Like any state benefit, there’s a misconception that the retired who receive a state pension don’t have to pay any income tax. Although Pension Credit (the top-up payment for those not entitled to a full pension) is tax-free, the payments for a state pension are taxable. Payments are gross (without any tax deductions) so recipients of this pension are still liable for tax.
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If you only receive the current weekly state pension of £122.30 and have no only source of income (for example, from private pensions or employment), then you will have to complete a self-assessment tax return to send to HMRC. However, you probably won’t pay income tax since the amount you receive from your state pension will be less than your tax-free annual Personal Allowance of £11,500.
How are payments for tax credits listed in the National Accounts?
The money spent on tax credits in the UK is accounted as £25.8 billion from public expenditure and £2.4 billion negative taxation.
What is the State Pension Age in the UK?
Over the period 2010-18 there have been gradual rises in the State Pension Age (SPA) so that the retirement age for women has risen from 60 to 65. More increases are planned so that both sexes will retire at 68.
Why is the State Pension Age increasing?
There are concerns that an ageing population puts an increasingly heavy financial burden on the state – and ultimately taxpayers – to afford the pension payments. The PPI predict that by the year 2040, 37% of the population will be of pension age.
How many pensioners are there in the UK?
According to the PPI (Pension Policy Institute) on the most recent figures (2016), there are a total of 12,530,000 pensioners in the UK (comprising 7,163,000 women and 5,367,000 men). This is 31% of the working age population.
How much is spent by the UK government on state pensions?
According to a report on public spending by HM Treasury (December 2016), £89.3 billion was spent on state pensions, which is 12.8% of all state expenditure.
Taxes for pensioners with other sources of income
If you have another source of income such as a job or a private or occupational pension, then HMRC will instruct your pension provider or employer to deduct your income tax through your PAYE contributions (using a tax code).
If you continue to work after reaching State Pension Age, then you no longer have to pay National Insurance contributions.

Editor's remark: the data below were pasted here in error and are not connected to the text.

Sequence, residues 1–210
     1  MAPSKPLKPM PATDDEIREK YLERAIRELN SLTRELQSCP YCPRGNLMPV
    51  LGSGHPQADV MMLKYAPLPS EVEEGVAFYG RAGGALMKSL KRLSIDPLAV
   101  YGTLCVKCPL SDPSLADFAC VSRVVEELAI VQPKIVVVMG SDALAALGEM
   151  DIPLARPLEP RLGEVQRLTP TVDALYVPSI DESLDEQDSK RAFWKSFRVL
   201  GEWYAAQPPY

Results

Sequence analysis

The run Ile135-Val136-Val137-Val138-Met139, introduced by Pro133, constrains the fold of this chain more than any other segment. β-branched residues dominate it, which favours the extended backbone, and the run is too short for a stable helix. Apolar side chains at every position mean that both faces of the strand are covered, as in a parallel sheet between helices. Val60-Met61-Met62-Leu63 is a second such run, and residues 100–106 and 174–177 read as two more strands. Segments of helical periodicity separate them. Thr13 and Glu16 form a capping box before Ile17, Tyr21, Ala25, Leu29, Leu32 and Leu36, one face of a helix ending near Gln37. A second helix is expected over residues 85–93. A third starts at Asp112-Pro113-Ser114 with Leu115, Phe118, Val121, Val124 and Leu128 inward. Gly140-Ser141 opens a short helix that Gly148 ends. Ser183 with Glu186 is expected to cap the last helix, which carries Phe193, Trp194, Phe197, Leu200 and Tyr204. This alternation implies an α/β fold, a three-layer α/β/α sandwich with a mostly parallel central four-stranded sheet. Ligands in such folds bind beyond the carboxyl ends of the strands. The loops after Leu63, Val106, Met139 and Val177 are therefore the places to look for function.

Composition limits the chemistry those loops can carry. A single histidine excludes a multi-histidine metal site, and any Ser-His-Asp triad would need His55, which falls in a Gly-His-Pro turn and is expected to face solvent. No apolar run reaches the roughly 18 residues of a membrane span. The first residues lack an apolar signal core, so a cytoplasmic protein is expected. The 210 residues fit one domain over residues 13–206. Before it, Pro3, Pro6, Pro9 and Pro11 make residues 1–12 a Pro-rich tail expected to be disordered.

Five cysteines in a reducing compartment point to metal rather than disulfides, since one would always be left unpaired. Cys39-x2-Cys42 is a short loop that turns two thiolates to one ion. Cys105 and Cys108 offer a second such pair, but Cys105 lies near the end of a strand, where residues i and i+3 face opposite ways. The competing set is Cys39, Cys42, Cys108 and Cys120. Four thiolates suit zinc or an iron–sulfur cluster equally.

Married Couples’ Allowance
If you or your partner were born before April 1935, then you’re entitled to a Married Couples’ Allowance. Ranging in amount from £3,260 to £8,445 depending on your circumstances, this isn’t considered a tax-free allowance but allows pensioners a ‘credit’ of 10% of their MCA to set against any tax liabilities they may have.
If you aren’t eligible for MCA, you could transfer 10% of unused tax-free Personal Allowance from the lower-income partner to the higher-earning one in order to reduce any income tax you owe.
Private pension schemes – Withdrawing money
Since April 2015, private pension-holders have been given greater freedom in withdrawing money from their professional or private pensions. However, before you decide to do so, you should consult an independent financial adviser since it can have financial repercussions for you and push you into a higher-tax bracket.
Before withdrawing from your professional or private pension, you should consult an independent financial adviser.
Currently, you’re allowed to withdraw 25% of your ‘pension pot’ from a defined contribution pension scheme tax-free (otherwise known as a PCLS – Pension Commencement Lump Sum). You could of course take more, or even all of it, but you’ll pay more income tax. For defined benefit workplace pension schemes, the amount you can take depends on how the benefits have built up, the length and final pensionable salary.
What are unauthorised payments?
If you decide to take your pension early (usually before the age of 55), this is classed as ‘unauthorised payments’ and you could be taxed at rates as high as 55%. The same is true if you take a ‘trivial commutation’ lump sum of over £30,000. The only exceptions are if you’re retiring for reasons of ill health or because you had the right to do this on a scheme you joined before April 2006.
Whether your pension company offers you a personal loan or cash advance or whether you’re offered a chance to invest elsewhere, always seek independent advice so you know how it’ll affect your income tax. You could risk losing your pension and be presented with a tax bill you can’t afford.
If you only receive a state pension, you probably won’t need to pay income tax.
Income tax can be paid by your private pension provider through PAYE.
Married Couples’ Allowance is only for couples when one /both are born before 1935.
Withdrawing too much money from a private pension or making unauthorised payments can push a pensioner into a higher-tax band.